He winced from the memory, the pain of the memory. He groaned, low and to himself, doubling over in anguish, letting it run its course through him like some malarial fever. He knew that when it finally passed, he would pine deliriously for its return. Excruciating as it was, the pain somehow made him feel more alive than he had in a long time.

I will find you, he’d promised. And he had, hadn’t he? He’d found her once.

But then she’d been taken away from him again.

So, standing there at the window, he’d renewed his vow to kill the monster—to kill
all
of them—no matter how long it took. He’d kill them as mercilessly as it had taken the life of his beloved wife.

And then, maybe he’d finally be able to sleep.

He’d torn himself from the window and fallen back onto the couch, where the twitch in his face resumed its tiresome harassment.

With a deep sigh, almost a moan, he slipped each leg into his pants, zipped the zipper, secured the belt. His clumsy fingers, stiffened by the heat and the dryness of the day, stumbled over the clasp until, finally, the thing was done. The darkness had deepened considerably by then. He found his shirt and draped it over his shoulders. The front was stiff as cardboard, as were the collar and one sleeve. He felt his skin drawing away from it in revulsion. Some hunters got used to the gore; he never did.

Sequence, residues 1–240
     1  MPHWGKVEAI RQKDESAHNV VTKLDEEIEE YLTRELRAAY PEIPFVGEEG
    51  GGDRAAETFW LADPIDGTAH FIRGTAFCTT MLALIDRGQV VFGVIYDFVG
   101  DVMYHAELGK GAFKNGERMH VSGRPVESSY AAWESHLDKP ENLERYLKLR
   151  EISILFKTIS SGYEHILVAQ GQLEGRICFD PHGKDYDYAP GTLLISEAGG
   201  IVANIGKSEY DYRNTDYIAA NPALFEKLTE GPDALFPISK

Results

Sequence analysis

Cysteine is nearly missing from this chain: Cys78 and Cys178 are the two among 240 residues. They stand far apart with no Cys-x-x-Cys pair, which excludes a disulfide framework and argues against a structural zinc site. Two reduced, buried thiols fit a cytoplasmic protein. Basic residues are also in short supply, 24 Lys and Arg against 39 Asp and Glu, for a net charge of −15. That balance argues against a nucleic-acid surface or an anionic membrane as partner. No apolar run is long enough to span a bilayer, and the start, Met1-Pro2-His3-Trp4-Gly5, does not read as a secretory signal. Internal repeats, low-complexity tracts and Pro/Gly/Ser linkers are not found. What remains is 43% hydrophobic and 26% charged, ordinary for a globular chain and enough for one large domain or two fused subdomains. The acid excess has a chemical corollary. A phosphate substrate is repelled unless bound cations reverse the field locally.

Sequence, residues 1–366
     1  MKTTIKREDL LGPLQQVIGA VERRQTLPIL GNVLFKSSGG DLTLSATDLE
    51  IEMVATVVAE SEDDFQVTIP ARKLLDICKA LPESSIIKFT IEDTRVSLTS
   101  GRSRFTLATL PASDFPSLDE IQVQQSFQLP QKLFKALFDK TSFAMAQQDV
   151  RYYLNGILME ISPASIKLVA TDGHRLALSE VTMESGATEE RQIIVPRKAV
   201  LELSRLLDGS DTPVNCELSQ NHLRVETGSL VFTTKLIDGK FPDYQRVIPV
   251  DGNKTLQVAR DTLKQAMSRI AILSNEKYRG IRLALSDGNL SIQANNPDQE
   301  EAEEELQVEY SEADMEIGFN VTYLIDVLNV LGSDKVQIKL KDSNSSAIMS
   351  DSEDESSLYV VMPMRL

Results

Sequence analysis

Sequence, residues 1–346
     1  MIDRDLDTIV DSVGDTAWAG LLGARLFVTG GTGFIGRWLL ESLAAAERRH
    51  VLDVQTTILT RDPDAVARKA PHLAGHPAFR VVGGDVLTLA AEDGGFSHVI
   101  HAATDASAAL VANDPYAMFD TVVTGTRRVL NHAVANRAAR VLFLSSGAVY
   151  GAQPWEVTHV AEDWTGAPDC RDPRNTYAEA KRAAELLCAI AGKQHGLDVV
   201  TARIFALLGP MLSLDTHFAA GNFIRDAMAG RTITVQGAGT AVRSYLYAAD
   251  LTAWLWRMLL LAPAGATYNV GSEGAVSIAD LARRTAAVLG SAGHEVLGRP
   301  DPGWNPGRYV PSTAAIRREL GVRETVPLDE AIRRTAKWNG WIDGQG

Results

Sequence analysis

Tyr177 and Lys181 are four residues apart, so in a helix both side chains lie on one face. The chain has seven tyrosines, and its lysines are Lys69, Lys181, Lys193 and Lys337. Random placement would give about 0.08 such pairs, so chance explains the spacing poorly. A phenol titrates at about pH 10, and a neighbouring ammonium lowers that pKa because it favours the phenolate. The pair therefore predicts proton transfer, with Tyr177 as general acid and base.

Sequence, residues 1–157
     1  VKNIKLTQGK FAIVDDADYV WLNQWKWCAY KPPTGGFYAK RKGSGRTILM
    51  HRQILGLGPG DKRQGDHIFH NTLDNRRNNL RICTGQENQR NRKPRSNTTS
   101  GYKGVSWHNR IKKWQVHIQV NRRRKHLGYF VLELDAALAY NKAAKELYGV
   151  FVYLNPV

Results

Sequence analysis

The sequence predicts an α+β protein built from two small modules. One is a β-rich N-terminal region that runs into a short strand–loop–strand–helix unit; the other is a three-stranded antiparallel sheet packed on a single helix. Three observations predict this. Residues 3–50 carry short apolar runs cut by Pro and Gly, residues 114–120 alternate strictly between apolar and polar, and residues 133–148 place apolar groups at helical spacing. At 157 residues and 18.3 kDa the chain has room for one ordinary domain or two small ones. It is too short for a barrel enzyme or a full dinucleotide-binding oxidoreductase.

Tomorrow
, the voice persisted.

Tomorrow, he agreed. He’d wash everything tomorrow. The stains wouldn’t come completely out, nor would the stench their blood left behind, but at least he wouldn’t have to feel it against his skin.